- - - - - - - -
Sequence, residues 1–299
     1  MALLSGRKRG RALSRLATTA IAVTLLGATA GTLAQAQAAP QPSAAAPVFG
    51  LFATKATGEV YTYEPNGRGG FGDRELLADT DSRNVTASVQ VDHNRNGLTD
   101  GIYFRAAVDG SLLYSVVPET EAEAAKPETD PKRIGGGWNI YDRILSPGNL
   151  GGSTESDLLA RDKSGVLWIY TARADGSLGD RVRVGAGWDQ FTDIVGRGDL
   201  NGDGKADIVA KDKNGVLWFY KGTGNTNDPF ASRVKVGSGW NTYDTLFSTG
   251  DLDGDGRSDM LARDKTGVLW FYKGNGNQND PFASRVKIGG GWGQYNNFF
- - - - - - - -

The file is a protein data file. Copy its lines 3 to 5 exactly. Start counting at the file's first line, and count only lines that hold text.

    51  LFATKATGEV YTYEPNGRGG FGDRELLADT DSRNVTASVQ VDHNRNGLTD
   101  GIYFRAAVDG SLLYSVVPET EAEAAKPETD PKRIGGGWNI YDRILSPGNL
   151  GGSTESDLLA RDKSGVLWIY TARADGSLGD RVRVGAGWDQ FTDIVGRGDL